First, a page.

Stellar OM Source





In order to describe the music of Dutch act Stellar OM Source aka Christelle Gualdi, I need to use italics as the best way to stress the gap in the market niche she has filled with each and every release. One could say that every Stellar OM Source release is retro. Or better still, one could say that every Stellar OM release is retro. A slight shift in emphasis enhances the importance of Gualdi‘s work, for her music paints an alternate reality. It is as if the 80‘s never vanished, with acts and musicians like 808 State, Vangelis or The Art of Noise and acid-house festivals like 1988's Second Summer Of Love still intact, without any Eurodance intrusion of the 90‘s. If the music of Stellar OM Source only resembled the spirit of the 80‘s, no one would make such a fuzz about it, as trends and subgenres always reappear in several forms all the time. But no, her music lives the Lo-Fi spirit with its oscillating synth pads, pumping Roland drum computers and cyberspace affection. Exises, a 7-track EP self-released by Gualdi on CD and now only available as digital download on iTunes and the likes, fits right in and doesn‘t change the formula. It is, in one short compound, hyper-analogue. The cover artwork makes things clear on each release: 80‘s computer graphics right out of the halcyon days of afternoons in front of the C64, music videos with dolphins and birds in space, the MTV Amp program or the Max Headroom series. Not every song can be counted as an Ambient piece, but the powerfully swirling melodies and background pads at least resemble this genre. Despite the omnipresence of analogue soundscapes, this isn‘t exactly a warm or cozy album, as several lurching synths and quick tone shifts beg for the listener‘s attention and create a bustling liveliness. Gualdi is always on the edge of Rave and New Age without crossing these lines or offering a distasteful counterfeit, as I will examine below.


Team X starts with a dark synth pad and brightly oscillating synths of all kinds. All layers move fast and hectically. Indeed, the New Age flavor is clearly audible, as the quirky synths transport the excitement of new audio equipment and the dawning times of adventurous incidents in cyberspace. You think this is nonsense? Probably, but since the setup recalls past decades of futuristic thinking both via artwork and track titles, the mindset of the listener really adjusts and starts to think retro. It happens to me, at least. Anyway, Team X is energetic, but still an Ambient song. While Diagrams is featuring muffled bass drums and an oscillating synth that resembles an electric guitar and can otherwise be called a surf song for robots, When Re-Eternize? goes back to the formula of Team X, with swooshing surround synths and a dark cyber crime pad that adds a dry shiftiness to the crystalline structure. Process Vision doesn‘t just sound electronic, but also electric, with warbled high voltage synth formations and an accompanying bassline that adds depth, but no deepness to this Ambient piece, which relies once more on that certain structure already featured in Team X and When Re-Eternize?. The Last Transparent Dome is built upon a dominant 4/4 beat, reverberated shakers and shimmering synth loops that oscillate between fuzziness and lucidness and remain in the background, quite a change and a singular exception on Exises. Your New Body starts in medias res and is a euphoric, encapsulating analogue dreamscape with foggy hisses and static noises added near its end. The 3-second main loop works very well and is of hypnotic, overarching quality. The final track, Patterns, features the formula of multilayered, quickly paced synths one last time, now with extra added psychedelically polymorphic flute layers and rhapsodical square leads that are skillfully warped during the end when everything fades out and only the last bright note of the square lead dies away.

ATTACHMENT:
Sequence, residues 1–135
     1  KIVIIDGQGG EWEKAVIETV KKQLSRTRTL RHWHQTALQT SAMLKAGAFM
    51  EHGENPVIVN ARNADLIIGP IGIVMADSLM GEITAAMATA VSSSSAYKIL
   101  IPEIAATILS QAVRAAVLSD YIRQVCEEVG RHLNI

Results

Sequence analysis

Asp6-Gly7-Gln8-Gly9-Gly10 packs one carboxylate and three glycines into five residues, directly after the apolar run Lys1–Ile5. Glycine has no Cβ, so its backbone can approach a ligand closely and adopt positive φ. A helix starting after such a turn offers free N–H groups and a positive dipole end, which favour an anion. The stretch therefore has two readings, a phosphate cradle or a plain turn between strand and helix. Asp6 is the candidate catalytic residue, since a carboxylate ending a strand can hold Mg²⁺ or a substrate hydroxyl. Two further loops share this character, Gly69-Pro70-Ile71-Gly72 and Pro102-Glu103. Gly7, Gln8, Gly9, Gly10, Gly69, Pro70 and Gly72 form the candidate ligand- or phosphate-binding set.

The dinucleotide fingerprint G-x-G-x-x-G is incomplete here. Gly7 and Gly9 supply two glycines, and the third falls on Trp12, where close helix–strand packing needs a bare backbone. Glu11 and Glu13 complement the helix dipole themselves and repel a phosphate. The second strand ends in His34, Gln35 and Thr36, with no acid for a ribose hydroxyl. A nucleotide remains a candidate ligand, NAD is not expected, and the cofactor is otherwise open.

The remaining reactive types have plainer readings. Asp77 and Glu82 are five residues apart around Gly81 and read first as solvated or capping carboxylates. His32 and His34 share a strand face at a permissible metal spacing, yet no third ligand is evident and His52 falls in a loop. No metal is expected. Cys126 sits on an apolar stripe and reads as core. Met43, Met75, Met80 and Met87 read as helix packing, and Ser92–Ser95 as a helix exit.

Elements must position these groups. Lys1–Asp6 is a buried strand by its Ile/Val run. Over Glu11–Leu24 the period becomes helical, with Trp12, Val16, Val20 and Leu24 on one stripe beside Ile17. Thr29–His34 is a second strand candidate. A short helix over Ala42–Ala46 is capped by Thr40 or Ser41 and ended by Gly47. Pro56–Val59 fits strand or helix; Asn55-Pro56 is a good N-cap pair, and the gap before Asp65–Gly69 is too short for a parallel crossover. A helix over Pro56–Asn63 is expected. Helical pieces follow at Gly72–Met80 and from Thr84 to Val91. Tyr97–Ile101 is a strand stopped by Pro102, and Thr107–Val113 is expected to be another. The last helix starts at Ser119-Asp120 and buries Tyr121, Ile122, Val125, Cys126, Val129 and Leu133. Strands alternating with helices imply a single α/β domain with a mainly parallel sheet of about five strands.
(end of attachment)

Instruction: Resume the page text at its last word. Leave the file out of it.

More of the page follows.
Since all releases by Stellar OM Source are keen of both New Age and the beginning phase of early 80‘s Synth Pop experiments, you either like them or despise them. However, I believe that there is a little region in-between those antagonisms. Historically, the music presented in Exises is timeless because it sounds purposely dated. What sounds like a contradiction is in fact a well thought-out strategy: since New Age music has always been belittled in the 80‘s and only in rare cases entered the Synth Pop loaded charts, the music of Stellar OM Source pinpoints the twist of music history. Christelle Gualdi‘s music sounds exactly like the New Age music back then – but is much more celebrated now. Suddenly, everyone seems to get the message and knows that music like this existed some time in the past, forlorn in the realms of synthesizer sounds. So if anyone hopes for a New Age revival, the dreams shall be shattered, for this genre was always pushed back and talked dead; you cannot revive anything that has never been alive. But there is the possibility of a new viewpoint and excitement by individuals shattered around the globe to rush back to the past and check out the remaining fruits of this genre in the present. Different layers of history merge, and such being the case, Exises is a terrific EP for Ambient fans who normally despise this music for synth hippies. I am one of those scallywags, but got to know the past a bit better through the present – the music of Stellar OM Source.


Further reading: 

  • The Twitter account of Stellar OM Source is @omsource.
  • Her SoundCloud page with lots of live mixes and songs is definitely worth a visit when you're craving for that certain sound of the past.


Ambient Review 023: Stellar OM Source – Exises (2010). Originally published on Jan. 11, 2012 at